The Chicago Tribune is reporting that Mayor Rahm Emanuel’s first-term education point person, Beth Swanson, was interviewed on April 24 by federal investigators looking into CEO Barbara Byrd-Bennett and her relationship with SUPES Academy. This is the first time that the scandal has been connected to someone in Emanuel’s inner circle. Swanson is now working as a vice president for the Joyce Foundation.
Swanson’s attorney tells the Tribune that she has been advised by investigators that she is not accused of any wrongdoing. Emanuel’s transition team reportedly reached out to Gary Solomon, who owns SUPES as well as a superintendent search firm called ProAct, to ask him for names of potential CEO candidates. According to the story, he suggested Jean-Claude Brizard, who was eventually named CEO. Swanson was on the transition team.
While these connections are interesting, the federal investigation apparently is focused on whether Byrd-Bennett inappropriately had SUPES awarded no-bid contracts to do principal training and whether or how she benefited personally from the deal. Byrd-Bennett worked for SUPES and Solomon’s other companies up until the time she was hired by CPS. In fact, sources have confirmed to Catalyst that when she came to CPS as a coach for then Chief Education Officer Noemi Donoso, she was being paid through a contract SUPES had with the Chicago Public Education Fund, a foundation that supports public education in Chicago and is closely tied to the CPS administration.
2. Reshaping school board? Crain’s Chicago Business asks whether Emanuel plans to change up the school board as four members’ terms are set to expire at the end of June. William Sampson, chairman of the Public Policy Studies Department at DePaul University, predicts that Emanuel will use the opportunity to clean house and try to win some approval from parents who have been dissatisfied with the board, especially in light of the FBI investigation into SUPES.
“He’s going to use this investigation to clean house and then pat himself on the back,” Sampson says. “In a sense it may be a godsend for him because it gives him the political cover to do it.”
The board members whose terms are up include Carlos Azcoitia, Deborah Quazzo, Henry Bienen and Andrea Zopp. The only one of those four who spoke with Crain’s was Azcoitia, a former principal who said he’d be interested in sticking around for another turn, but hasn’t been asked yet.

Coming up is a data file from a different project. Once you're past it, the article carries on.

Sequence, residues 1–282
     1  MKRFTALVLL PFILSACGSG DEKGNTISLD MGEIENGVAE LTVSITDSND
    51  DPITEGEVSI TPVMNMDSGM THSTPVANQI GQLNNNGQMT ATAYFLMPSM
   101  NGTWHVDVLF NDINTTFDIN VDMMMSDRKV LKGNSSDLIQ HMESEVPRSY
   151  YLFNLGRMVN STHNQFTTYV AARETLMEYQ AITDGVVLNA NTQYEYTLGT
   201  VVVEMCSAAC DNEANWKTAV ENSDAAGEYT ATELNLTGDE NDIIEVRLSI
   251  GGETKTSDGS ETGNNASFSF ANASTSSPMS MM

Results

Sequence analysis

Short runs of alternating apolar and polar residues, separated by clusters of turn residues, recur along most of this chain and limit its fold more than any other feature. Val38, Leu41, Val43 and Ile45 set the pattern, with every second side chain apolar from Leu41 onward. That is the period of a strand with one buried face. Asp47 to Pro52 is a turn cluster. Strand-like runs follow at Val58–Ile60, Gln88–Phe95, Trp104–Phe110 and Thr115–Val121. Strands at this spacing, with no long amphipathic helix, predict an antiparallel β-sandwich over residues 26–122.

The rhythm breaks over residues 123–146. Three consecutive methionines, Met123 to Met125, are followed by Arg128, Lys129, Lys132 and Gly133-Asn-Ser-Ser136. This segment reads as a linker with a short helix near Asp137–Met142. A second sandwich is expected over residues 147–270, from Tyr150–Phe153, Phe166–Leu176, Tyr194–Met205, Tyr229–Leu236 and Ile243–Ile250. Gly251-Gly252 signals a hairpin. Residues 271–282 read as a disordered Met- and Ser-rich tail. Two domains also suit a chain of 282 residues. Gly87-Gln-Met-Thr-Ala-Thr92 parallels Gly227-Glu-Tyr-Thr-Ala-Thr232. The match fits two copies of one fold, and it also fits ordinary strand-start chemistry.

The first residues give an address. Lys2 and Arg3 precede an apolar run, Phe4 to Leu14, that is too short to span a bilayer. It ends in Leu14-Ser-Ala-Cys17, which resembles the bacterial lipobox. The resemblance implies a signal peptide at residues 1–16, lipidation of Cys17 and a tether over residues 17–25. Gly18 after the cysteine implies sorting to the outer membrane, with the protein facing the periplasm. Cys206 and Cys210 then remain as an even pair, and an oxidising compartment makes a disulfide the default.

Board President David Vitale’s term isn’t up for another three years, the article notes. Last week, Crain’s had a separate story criticizing borrowing decisions and other financial gimmicks he’s been a part of at CPS.
3. Selective enrollment HS… Ald. Walter Burnett is worried that the formerly-named Obama High School will follow the path of its ill-fated name. As you will remember, Emanuel justified putting another elite high school on the Near North Side by pointing out the tax increment financing district in the area has enough money to cover the costs of construction. Burnett notes that money is still waiting to be spent. However, considering CPS’ projected $1.1 billion deficit and tough teachers contract negotiations ahead, he is concerned that the district will pull out of the project. “TIF money can’t be used to run it and staff it,” said Burnett.
The new selective enrollment high school has had problems from nearly the moment it was proposed. First, a number of civic leaders and community members were incensed that a high school named after Obama was going to be on the North Side and not the South Side. Then, residents objected to it being put into Stanton Park, where Emanuel wanted to put it. Now Burnett wants it on a vacant riverfront piece of land at Division and Halsted.
4. Expensive care for all … The Christian Science Monitor has an interesting feature on the challenges faced by families of all income levels to find — and afford — quality child care. The story is based in Chicago and shows a variety of ways parents are trying to balance work and child care — including a new market for flexible office spaces that allow parents to work near where their kids are being cared for.
One of the take-aways from the story is that no matter where you fall on the income spectrum, “having a baby is one of the top risks for falling from above the poverty line to below it. Lower-income single parents pay on average 40 percent of their earnings on child care, while wealthier, married couples still regularly use up the bulk of one parent’s salary on care.”
The story also explains why so many Illinois low-income parents who get state assistance are often child care workers themselves. It’s one of the worst-paid job sectors.
5. Failure to improve… New research shows that the federal government’s major initiative to improve the lowest-performing schools was not effective as hoped, reports the Washington Post. That’s because states lacked essential things that they needed to spur improvement. Schools that were awarded the substantial grants either had to fire all the teachers in a turnaround, shut down and reopen in what was called restart or do something less dramatic called a transformation, keeping staff and bringing in an outside group to spur change.
Yet most school districts did not have the staff, technology and expertise to really make the needed changes.
In Chicago, up until last year, all the schools that were given School Improvement Grants were high schools. While many of them have improved slightly on some measures, they have also lost students–and therefore money from the district.